Over the past 18 years I've written many different ad campaigns and slogans for businesses and experiment with words in ads. My quest has always been to try to find out what works, what doesn't, and why. That is why I five years ago I went to the Wizard Academy. Business owners are always looking for that magic ad or the magic words that will make people rush in and say, " I heard your ad and am here because that ad convinced me to do business with you."
But I've never heard someone say that. I have heard lots of people say they had heard an ad on radio or TV. But nobody will say an ad convinced them… because no one wants to admit to being manipulated. I really don't have any words that are magic. Let's face it…there are no such things as magic words, particularly in a culture that is being saturated with 3000 or so advertising messages a day.
I do know some words you should NOT use. Here they are along with my reasons not to use them.
This one is probably the most overused word in advertising, which is the primary reason why you should stay away from it. What exactly does "quality" mean? Lexus and Hyundai both say they area quality product. I have a client that has a deli and a slogan that says, "Where quality is the main ingredient." In our local phone book there's a big ad for, Quality Plumbing" "fast friendly service." There you have it… car dealers, fancy jewelry stores, pizza places, a deli, plumbers and septic tank services all using the word quality.
Every product worth buying is a quality product. It may be high-priced quality or it may be low-priced quality, but it's quality either way. That means every company believes it can use the word "quality" in its advertising. Too many have, and as a result, now "quality" has become a cliché.
Like quality, value has been ruined by overuse. In the Lexus and the Hyundai examples -- which car is the better value? It depends -- on the buyer, on the purchase occasion, and on what features and benefits value is being judged. Both dealers say in their ads that the cars are a good value
Wal-Mart says they have good value, but so does Tiffany & Co. Saying in an ad: "We provide the best value" is a waste of money to purchase the airtime to say it. To me… value happens when what you paid for something is far below what the estimated worth of it is in your mind. But everyone has a different opinion of what a "good value" is.
Have you ever heard an ad promising lousy service? I bet you have heard a lot of ads promising good service, or fast friendly service. Good service is a foregone conclusion. In the hostile environment today, about 98.5% of the time when people complain about a business it is about poor customer service. If everybody is claiming good service and hardly anyone getting it, a business that gives "over the top" good service stands out like an airplane sitting in your front yard. It's great if you have really good service but don't say it in your ads. If you don't have it and say you do… please email me, and let me know how that's working out for you.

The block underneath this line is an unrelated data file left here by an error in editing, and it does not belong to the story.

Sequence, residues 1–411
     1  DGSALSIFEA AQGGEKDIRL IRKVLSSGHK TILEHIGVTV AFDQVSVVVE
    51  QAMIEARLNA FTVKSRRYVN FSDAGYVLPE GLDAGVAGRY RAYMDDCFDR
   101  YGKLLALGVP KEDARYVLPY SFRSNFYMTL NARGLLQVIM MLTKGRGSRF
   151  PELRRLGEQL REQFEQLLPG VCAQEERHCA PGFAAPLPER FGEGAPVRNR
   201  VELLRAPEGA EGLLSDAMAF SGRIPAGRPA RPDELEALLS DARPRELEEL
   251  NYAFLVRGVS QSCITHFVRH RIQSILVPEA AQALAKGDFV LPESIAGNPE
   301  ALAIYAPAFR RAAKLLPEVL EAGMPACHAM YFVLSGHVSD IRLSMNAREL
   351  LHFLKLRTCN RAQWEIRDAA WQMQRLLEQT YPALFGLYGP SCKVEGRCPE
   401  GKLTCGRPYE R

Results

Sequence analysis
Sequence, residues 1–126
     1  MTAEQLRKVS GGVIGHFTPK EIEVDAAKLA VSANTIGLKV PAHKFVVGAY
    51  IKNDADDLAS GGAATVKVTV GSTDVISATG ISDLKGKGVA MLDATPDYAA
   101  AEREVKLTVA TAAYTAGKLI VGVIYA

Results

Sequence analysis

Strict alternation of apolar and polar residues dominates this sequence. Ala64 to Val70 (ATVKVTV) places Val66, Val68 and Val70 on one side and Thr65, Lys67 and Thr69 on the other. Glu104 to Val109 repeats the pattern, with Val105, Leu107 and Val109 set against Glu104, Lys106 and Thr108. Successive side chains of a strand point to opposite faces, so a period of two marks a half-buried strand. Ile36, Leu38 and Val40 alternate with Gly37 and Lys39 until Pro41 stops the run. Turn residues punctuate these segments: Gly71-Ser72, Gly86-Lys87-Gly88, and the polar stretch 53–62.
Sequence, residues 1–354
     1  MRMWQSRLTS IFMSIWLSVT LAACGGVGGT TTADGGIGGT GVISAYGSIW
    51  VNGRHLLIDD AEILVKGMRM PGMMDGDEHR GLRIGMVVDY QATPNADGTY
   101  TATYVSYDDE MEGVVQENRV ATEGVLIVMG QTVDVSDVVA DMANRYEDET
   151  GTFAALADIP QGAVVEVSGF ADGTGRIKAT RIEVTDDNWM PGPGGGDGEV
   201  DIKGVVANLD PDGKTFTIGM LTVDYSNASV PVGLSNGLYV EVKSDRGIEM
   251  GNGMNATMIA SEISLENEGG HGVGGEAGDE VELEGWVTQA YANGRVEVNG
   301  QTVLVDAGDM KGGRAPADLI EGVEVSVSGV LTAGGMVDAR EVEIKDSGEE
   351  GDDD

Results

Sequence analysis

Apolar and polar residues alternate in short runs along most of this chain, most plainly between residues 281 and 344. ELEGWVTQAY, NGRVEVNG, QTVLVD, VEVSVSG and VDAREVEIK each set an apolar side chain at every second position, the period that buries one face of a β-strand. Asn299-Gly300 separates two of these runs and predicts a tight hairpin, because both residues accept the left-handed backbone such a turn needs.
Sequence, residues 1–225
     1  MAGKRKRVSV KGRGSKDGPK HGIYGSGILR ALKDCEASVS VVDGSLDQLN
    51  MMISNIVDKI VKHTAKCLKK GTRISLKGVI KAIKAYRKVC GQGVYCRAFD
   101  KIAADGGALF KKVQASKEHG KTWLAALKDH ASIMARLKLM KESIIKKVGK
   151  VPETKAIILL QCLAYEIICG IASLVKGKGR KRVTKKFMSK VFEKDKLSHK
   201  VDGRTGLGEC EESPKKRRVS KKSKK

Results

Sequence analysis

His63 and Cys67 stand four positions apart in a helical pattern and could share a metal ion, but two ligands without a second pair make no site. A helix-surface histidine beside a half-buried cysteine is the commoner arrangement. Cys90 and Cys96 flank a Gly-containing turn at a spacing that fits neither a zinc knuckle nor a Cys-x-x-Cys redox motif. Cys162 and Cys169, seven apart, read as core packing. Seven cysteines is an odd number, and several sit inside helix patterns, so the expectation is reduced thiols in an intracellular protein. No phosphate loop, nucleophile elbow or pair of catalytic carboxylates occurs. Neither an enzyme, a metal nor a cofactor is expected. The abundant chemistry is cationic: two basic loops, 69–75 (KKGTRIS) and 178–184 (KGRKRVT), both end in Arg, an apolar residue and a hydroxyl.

Can you really say your company cares more about your customers than your competition does? You might think so, but if your competitors didn't care about their customers, they couldn't stay in business.
Service companies tend to get caught up in wanting to promote "caring" because they don't sell a tangible product. But to say "we care more" in an ad presumes that your competitors care less, and that would be hard to prove. Consumers are very savvy and for you to say you care and indicate that your competitors don't is like the Republicans saying. "Democrats are not patriotic." Or the Democrats saying, "Republicans don't care about poor people."
These four words should be left out of ads. They're way overused, and they're based on variables that are different for everybody.
I'm not saying don't use this one. Just understand the way it might be perceived by the consumer. A company either has integrity or it doesn't. It's either honest or it isn't. Most folks will give a business a chance and the benefit of the doubt one time. You wanna know what brings a customer back for the second visit? Their FIRST visit! If a business espouses having integrity in their advertising it's for one of two reasons. They're either trying to cover up some lack of integrity in themselves or their industry or they're implying they live by a higher standard than their competition. Every company needs to have integrity. No company needs to blatantly advertise it.
Do you want consumers to view your products and services as being high quality and of good value? Yes. Do you want them to appreciate your caring, your great customer service and strong integrity? Yes. Every company wants those things. But those that win the hearts and minds of consumers over the long haul have good word of mouth advertising working for them too! The customers themselves are singing the praises of the caring, integrity, quality and value of the service or product.
What you think about your company doesn't matter when writing an ad. All that matters is what your customers and prospects think. The next time you're tempted to use one of these five words in an ad, stop and ask if there's a better way to get the message across. You'll get more Bang for your Buck in your advertising if you'll find creative ways to leave these words out.